Google is throwing its money, brain power, and technology at the humble spoon.
Of course these spoons (don't call them spoogles) are a bit more than your basic utensil: Using hundreds of algorithms, they allow people with essential tremors and Parkinson's Disease to eat without spilling.
The technology senses how a hand is shaking and makes instant adjustments to stay balanced. In clinical trials, the Liftware spoons reduced shaking of the spoon bowl by an average of 76 percent.
"We want to help people in their daily lives today and hopefully increase understanding of disease in the long run," said Google spokesperson Katelin Jabbari.
Other adaptive devices have been developed to help people with tremors — rocker knives, weighted utensils, pen grips. But until now, experts say, technology has not been used in this way.
"It's totally novel," said UC San Francisco Medical Center neurologist Dr. Jill Ostrem who specializes in movement disorders like Parkinson's disease and essential tremors.
She helped advise the inventors, and says the device has been a remarkable asset for some of her patients.
"I have some patients who couldn't eat independently, they had to be fed, and now they can eat on their own," she said. "It doesn't cure the disease, they still have tremor, but it's a very positive change."
Google got into the no-shake utensil business in September, acquiring a small, National of Institutes of Health-funded startup called Lift Labs for an undisclosed sum.
More than 10 million people worldwide, including Google co-founder Sergey Brin's mother, have essential tremors or Parkinson's disease. Brin has said he also has a mutation associated with higher rates of the Parkinson's and has donated more than $50 million to research for a cure, although Jabbari said the Lift Labs acquisition was not related.
Lift Lab founder Anupam Pathak said moving from a small, four-person startup in San Francisco to the vast Google campus in Mountain View has freed him up to be more creative as he explores how to apply the technology even more broadly.
His team works at the search giant's division called Google(x) Life Sciences, which is also developing a smart contact lens that measures glucose levels in tears for diabetics and is researching how nanoparticles in blood might help detect diseases.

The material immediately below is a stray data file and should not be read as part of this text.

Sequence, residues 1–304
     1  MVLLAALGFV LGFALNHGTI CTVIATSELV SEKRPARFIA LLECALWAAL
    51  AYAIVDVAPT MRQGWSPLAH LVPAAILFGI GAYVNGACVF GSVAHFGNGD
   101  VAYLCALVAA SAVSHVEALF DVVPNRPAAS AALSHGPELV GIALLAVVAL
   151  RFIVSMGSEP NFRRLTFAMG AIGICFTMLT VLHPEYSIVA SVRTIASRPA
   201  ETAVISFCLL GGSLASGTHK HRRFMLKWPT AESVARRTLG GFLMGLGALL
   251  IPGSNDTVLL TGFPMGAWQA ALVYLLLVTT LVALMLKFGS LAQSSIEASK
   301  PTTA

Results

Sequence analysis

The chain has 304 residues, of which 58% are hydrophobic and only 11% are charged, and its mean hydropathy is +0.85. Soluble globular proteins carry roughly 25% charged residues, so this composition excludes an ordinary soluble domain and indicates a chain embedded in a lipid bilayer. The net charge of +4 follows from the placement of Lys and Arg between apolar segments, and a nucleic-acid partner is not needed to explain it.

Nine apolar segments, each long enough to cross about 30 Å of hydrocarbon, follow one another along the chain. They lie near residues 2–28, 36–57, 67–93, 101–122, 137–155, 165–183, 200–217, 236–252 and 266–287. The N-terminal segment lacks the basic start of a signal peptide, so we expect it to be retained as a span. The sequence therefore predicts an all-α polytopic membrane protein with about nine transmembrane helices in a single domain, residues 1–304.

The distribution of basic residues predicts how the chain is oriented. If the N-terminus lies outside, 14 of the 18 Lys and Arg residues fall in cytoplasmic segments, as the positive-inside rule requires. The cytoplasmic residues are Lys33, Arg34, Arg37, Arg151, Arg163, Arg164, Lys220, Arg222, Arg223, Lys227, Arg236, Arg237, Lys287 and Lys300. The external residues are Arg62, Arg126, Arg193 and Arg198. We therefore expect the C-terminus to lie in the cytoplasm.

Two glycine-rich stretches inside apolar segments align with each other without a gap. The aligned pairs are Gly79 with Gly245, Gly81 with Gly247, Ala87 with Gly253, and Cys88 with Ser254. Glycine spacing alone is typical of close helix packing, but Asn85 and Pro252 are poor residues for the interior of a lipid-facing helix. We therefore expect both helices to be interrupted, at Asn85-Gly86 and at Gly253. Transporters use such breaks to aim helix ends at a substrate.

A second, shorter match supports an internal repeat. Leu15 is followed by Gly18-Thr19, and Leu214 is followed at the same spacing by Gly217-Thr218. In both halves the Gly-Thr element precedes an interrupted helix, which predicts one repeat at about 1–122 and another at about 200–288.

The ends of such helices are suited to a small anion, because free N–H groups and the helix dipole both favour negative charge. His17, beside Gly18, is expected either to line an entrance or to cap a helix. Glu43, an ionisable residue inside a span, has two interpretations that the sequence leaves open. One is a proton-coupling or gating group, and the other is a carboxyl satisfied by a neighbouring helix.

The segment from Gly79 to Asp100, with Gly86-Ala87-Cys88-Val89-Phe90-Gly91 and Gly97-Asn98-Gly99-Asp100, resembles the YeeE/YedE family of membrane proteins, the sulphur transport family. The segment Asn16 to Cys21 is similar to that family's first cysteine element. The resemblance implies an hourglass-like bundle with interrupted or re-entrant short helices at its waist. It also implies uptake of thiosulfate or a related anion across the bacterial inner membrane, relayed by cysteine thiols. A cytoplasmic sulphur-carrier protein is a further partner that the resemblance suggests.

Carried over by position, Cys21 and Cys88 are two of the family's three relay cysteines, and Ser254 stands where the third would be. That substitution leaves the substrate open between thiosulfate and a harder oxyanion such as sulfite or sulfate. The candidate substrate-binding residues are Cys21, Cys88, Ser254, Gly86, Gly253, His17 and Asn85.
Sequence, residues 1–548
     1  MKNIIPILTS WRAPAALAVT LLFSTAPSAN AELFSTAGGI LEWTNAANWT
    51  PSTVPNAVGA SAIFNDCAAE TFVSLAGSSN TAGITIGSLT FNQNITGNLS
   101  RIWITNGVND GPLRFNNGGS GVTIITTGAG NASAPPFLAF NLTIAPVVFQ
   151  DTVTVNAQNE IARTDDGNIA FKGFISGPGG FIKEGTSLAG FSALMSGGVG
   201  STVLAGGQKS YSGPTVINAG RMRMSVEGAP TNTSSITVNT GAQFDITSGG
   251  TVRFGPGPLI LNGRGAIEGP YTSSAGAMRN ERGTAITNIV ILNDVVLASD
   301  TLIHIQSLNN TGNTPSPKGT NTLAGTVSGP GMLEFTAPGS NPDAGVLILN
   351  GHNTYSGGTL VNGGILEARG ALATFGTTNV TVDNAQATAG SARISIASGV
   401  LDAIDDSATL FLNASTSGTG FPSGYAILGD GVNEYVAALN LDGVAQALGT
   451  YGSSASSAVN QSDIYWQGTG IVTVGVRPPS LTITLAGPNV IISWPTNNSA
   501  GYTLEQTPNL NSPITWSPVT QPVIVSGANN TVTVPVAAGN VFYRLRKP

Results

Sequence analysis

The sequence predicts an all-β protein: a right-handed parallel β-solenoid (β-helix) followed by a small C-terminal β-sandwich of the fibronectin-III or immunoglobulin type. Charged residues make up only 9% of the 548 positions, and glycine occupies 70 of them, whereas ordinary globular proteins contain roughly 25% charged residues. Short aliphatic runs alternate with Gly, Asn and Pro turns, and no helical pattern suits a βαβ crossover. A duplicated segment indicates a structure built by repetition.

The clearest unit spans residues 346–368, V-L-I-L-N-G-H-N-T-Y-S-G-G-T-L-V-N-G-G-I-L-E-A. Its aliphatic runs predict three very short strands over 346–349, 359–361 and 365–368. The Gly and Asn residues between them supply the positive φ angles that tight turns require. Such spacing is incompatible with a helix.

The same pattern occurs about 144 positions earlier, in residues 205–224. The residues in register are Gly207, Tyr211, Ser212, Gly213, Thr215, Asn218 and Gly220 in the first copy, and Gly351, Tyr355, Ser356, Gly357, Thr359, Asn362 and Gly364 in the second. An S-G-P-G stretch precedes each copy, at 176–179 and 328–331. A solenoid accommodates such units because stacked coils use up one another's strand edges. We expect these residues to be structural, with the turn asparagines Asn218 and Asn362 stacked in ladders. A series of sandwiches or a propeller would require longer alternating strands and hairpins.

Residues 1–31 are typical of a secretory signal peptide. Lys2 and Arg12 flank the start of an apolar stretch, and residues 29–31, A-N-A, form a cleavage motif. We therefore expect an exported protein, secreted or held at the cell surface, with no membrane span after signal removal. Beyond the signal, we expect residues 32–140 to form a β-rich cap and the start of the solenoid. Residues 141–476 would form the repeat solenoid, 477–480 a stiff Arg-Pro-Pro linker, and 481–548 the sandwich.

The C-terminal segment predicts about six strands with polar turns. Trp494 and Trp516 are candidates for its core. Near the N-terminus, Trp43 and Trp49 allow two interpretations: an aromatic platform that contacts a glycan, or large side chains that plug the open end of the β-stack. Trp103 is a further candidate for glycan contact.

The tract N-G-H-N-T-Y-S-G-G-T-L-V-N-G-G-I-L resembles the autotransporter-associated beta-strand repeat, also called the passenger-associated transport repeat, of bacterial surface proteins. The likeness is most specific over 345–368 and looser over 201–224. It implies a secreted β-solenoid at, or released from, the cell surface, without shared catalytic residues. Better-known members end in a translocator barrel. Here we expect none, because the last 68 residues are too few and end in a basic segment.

Joining Google has been motivating, said Pathak, but his focus remains on people who are now able to eat independently with his device. "If you build something with your hands and it has that sort of an impact, it's the greatest feeling ever," he said. "As an engineer who likes to build things, that's the most validating thing that can happen."
Pathak said they also hope to add sensors to the spoons to help medical researchers and providers better understand, measure and alleviate tremors.
Shirin Vala, 65,, has had an essential tremor for about a decade. She was at her monthly Essential Tremor group at a San Ramon medical clinic earlier this year when researchers developing the device introduced the idea and asked if anyone was interested in helping them.
As it was refined, she tried it out and gave them feedback. And when they hit the market at $295 apiece, she bought one.
Without the spoon, Vala said eating was really a challenge because her hands trembled so hard food fell off the utensils before she could eat it.
"I was shaking and I had a hard time to keep the food on a spoon, especially soup or something like an olive or tomatoes or something. It is very embarrassing. It's very frustrating," she said.
The spoon definitely improved her situation. "I was surprised that I held the food in there so much better. It makes eating much easier, especially if I'm out at a restaurant," she said.